By Terry Schwarz
Surplus real estate is a common characteristic of legacy cities. Population decline and the ongoing effects of the foreclosure crisis have led to an unprecedented number of vacant and abandoned buildings, which in turn has given rise to the large-scale demolition programs underway in Cleveland, Detroit, Buffalo, and many other legacy cities. In the wake of demolition efforts, cities need to take a thoughtful approach to the management and reuse of vacant land, given that much of this land is unlikely to be redeveloped in the foreseeable future.
Detroit has over 100,000 vacant lots within city limits. Philadelphia has approximately 40,000 vacant lots. In Cleveland, the current count stands at about 21,000. Community gardens, greening projects, side yard expansions, and infill development are the most frequent responses to urban vacancy, but these strategies only address a small percentage of the large and growing inventories of vacant land in legacy cities.
Some cities have developed broad strategies for dealing with population loss and urban vacancy. The Youngstown 2010 Plan, Re-imagining a More Sustainable Cleveland, and Detroit Future City each provide a strategic framework for vacant land reuse at the citywide scale, with varying degrees of specificity. These three cities, among others, have also launched pilot projects at the parcel scale to introduce green space uses into depopulating neighborhoods.
However, inbetween high-level city-wide strategies and small-scale interventions for individual sites, there is a need to address vacancy in a more coordinated way at the neighborhood scale, where inter-related actions can produce a network of greening and redevelopment uses with additive benefits. When exploring options for vacant land, natural boundaries are often more relevant than political subdivisions. Nature’s equivalent of a “neighborhood” is a sub-watershed.
As defined by the EPA, a watershed is the area of land where all of the water that is under it or drains off of it goes into the same place. Sub-watersheds are smaller drainage areas (or catchments) within a larger watershed. For example, Greater Cleveland has five major watersheds which drain to Lake Erie. Within these larger watersheds, there are numerous sub-watersheds that drain to smaller tributaries or culverts as water makes its way to the lake.
Thinking about vacant land at the scale of a sub-watershed enables us to see how greening and redevelopment strategies for individual vacant parcels can impact economic, ecological, and human health outcomes at the scale of a neighborhood, city or region. Planning at the sub-watershed scale enables us to make better choices about where to concentrate infill development and where to set aside vacant land for permanent green space and green infrastructure uses.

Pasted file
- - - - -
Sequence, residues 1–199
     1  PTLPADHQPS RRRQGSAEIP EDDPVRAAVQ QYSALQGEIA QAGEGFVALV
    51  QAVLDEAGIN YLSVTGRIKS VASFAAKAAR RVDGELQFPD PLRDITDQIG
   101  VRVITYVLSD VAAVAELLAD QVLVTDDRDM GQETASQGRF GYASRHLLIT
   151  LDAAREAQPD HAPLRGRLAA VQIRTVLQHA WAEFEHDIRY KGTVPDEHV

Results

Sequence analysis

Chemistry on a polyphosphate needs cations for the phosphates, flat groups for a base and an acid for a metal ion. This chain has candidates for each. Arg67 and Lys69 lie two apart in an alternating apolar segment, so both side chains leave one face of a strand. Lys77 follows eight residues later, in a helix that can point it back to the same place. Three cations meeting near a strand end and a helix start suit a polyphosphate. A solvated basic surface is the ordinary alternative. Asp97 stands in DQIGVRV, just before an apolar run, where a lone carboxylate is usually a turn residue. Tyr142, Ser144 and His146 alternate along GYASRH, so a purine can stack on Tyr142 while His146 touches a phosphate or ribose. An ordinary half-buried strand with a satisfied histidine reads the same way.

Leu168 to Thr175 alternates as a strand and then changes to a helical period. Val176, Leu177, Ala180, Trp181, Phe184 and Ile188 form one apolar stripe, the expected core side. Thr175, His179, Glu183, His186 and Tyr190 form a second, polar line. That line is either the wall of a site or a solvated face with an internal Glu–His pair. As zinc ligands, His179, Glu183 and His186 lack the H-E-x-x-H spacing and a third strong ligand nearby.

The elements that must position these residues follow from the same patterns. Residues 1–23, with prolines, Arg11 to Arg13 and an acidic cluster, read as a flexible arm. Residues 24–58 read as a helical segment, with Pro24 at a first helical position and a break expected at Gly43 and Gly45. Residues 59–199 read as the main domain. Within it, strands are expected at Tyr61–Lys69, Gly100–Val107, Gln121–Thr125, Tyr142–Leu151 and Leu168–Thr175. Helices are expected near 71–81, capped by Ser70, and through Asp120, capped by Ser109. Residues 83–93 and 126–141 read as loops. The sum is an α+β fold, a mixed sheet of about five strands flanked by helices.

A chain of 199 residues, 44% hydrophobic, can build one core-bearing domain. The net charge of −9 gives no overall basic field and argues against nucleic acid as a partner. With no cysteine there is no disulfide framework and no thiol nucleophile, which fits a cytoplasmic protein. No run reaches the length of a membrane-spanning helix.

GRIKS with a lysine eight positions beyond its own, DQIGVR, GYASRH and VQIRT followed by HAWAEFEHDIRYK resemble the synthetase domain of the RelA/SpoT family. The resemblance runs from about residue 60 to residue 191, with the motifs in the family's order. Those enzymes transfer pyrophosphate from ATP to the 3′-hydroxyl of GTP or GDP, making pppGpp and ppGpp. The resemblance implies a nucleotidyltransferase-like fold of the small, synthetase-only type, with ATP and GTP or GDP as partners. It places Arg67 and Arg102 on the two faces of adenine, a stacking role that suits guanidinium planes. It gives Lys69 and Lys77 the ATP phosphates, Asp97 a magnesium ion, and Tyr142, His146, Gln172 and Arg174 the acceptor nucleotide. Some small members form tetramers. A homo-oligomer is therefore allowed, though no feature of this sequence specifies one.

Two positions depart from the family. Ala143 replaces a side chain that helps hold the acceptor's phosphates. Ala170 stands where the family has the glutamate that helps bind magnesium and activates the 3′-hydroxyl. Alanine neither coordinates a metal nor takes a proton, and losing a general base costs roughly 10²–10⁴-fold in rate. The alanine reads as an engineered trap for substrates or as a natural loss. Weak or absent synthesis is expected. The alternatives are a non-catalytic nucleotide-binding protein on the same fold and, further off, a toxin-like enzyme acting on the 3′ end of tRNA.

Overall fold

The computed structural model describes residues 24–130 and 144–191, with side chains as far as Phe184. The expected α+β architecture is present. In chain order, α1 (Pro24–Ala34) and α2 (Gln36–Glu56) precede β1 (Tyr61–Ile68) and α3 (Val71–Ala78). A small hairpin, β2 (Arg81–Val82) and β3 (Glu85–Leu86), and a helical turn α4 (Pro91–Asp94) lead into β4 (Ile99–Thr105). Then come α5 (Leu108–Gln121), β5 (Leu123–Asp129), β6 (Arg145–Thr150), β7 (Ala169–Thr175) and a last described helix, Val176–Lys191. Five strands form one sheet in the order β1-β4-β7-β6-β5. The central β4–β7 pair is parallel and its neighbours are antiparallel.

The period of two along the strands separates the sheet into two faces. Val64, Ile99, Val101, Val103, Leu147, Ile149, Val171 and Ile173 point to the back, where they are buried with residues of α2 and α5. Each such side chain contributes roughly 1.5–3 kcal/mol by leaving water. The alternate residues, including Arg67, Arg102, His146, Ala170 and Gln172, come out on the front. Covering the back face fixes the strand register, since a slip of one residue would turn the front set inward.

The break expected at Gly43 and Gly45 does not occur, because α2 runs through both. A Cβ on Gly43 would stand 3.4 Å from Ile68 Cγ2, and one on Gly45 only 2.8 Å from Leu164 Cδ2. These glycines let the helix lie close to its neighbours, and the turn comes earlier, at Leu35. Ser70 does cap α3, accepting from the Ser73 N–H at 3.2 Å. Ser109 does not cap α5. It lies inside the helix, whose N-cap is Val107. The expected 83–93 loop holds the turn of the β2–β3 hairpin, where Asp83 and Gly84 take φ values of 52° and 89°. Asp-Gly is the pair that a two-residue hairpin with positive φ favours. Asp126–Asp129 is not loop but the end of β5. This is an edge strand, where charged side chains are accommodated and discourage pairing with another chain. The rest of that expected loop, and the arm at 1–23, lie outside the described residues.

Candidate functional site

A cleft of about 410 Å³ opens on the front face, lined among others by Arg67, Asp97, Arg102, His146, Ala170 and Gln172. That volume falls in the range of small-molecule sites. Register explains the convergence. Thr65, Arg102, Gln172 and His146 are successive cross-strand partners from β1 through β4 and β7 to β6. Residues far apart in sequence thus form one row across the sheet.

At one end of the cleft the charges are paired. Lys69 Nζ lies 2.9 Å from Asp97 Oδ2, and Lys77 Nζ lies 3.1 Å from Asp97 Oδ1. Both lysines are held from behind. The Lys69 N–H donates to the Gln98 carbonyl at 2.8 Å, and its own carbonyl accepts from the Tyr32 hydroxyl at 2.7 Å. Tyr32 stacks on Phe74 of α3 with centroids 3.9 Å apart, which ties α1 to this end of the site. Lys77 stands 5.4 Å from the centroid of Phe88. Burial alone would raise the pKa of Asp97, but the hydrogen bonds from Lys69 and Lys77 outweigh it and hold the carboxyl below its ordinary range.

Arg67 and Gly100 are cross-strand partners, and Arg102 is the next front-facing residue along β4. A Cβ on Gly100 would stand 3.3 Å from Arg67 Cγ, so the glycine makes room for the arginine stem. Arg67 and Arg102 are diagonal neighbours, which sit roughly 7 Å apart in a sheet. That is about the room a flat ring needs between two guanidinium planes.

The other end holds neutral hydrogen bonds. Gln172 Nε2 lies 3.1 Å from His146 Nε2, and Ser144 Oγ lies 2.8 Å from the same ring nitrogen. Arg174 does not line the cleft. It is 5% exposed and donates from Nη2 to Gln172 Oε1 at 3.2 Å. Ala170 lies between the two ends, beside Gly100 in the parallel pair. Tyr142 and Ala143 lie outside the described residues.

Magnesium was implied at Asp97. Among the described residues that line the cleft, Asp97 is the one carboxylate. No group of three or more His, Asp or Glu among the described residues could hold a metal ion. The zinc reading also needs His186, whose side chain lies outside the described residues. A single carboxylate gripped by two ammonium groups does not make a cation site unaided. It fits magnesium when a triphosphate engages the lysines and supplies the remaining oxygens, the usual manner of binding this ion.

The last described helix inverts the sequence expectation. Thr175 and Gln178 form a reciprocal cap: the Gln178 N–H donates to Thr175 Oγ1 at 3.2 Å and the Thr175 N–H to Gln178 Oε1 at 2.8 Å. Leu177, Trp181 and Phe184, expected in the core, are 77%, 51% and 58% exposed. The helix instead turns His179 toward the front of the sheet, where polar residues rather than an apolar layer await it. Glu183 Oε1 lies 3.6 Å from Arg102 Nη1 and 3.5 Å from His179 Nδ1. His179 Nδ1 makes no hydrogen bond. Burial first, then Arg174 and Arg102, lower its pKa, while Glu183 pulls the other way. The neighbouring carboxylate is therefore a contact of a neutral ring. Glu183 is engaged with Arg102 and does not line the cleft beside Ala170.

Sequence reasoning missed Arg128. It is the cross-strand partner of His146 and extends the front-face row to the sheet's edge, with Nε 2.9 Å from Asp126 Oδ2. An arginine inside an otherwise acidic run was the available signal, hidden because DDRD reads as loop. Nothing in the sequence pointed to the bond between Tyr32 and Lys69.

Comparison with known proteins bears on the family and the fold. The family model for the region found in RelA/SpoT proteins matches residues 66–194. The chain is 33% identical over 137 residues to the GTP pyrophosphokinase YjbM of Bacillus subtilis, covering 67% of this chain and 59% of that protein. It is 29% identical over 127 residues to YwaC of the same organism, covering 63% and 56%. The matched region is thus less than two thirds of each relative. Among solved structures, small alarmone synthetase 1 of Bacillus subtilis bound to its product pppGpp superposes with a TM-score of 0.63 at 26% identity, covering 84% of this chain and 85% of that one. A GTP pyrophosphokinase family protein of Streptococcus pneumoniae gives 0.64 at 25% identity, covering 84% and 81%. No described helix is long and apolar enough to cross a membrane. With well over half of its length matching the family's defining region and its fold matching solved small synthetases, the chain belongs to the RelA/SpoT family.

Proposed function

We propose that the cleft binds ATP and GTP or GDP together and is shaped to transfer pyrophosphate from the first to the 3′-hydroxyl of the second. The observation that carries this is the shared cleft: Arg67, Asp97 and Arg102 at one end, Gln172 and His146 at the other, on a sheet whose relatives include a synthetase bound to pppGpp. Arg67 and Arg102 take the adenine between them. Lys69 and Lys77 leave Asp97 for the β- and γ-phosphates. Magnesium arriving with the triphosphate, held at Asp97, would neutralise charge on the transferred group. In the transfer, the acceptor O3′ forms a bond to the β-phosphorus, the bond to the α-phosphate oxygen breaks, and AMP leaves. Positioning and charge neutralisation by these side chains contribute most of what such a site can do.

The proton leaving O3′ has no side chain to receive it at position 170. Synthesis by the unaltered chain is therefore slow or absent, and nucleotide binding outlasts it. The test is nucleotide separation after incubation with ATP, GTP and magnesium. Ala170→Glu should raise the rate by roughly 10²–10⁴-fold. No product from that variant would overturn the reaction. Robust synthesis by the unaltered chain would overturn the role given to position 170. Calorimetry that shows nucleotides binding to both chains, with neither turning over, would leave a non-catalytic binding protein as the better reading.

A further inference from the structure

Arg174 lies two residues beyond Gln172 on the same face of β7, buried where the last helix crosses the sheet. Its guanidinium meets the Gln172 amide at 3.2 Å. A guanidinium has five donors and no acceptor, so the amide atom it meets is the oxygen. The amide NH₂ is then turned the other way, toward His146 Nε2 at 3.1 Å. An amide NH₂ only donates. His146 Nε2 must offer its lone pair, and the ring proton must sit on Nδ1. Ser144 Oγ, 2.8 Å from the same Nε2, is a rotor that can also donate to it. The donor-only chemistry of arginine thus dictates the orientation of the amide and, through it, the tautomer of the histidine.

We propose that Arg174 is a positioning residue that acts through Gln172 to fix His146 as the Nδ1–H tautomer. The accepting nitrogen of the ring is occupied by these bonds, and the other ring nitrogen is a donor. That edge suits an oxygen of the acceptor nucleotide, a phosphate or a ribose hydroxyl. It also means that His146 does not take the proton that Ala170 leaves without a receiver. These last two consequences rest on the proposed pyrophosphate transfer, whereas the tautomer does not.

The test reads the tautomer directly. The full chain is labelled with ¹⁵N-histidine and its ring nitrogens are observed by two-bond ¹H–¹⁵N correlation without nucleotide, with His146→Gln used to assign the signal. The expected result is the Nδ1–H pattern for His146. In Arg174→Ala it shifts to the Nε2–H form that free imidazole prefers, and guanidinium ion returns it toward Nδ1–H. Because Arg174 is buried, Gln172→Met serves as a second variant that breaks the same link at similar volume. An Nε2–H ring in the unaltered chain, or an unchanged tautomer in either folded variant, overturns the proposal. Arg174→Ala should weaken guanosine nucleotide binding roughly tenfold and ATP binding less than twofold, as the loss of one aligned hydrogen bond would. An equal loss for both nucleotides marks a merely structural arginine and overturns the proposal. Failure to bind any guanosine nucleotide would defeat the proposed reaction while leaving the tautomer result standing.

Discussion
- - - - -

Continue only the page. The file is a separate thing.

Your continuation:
To illustrate this point, we can look at the Dugway Brook, one of Cleveland’s many sub-watersheds. An initial overlay shows all existing green spaces with the sub-watershed. The next overlay adds vacant lots in ecologically useful locations, which in this case means sites that align with culverts (buried creeks) that feed into Dugway Brook. These sites can be aggregated into greenways that allow for natural infiltration of stormwater and create a public amenity. Finally, we can overlay the areas within the sub-watershed that offer the best potential for future infill development.
Planning at the sub-watershed scale is a way to explore the aggregate effects of many, small-scale interventions on the long-term regeneration of legacy cities. For example, can numerous parcel- and neighborhood-scale tree planting efforts achieve city-wide and regional impacts in terms of improved air quality and a reduction of urban heat island effects? Could hundreds (or thousands) of small-scale green infrastructure installations have a measurable effect on water quality, the health of the Great Lakes, and combined sewer overflows? Can scattered site food production (community gardens, urban farms, etc.) have an impact on food security issues at the city-wide or regional scale?
If we examine these issues at the sub-watershed scale, we can assess whether many small actions will add up to large-scale outcomes. And whether there are thresholds or tipping points at which urban systems begin to shift to more sustainable states.
Terry Schwarz is the Director of Kent State University’s Cleveland Urban Design Collaborative (CUDC). Her work at the CUDC includes neighborhood and campus planning, commercial and residential design guidelines, stormwater management and green infrastructure strategies. Terry launched the CUDC’s Shrinking Cities Institute and established Pop Up City, a temporary use initiative for vacant and underutilized sites in Cleveland.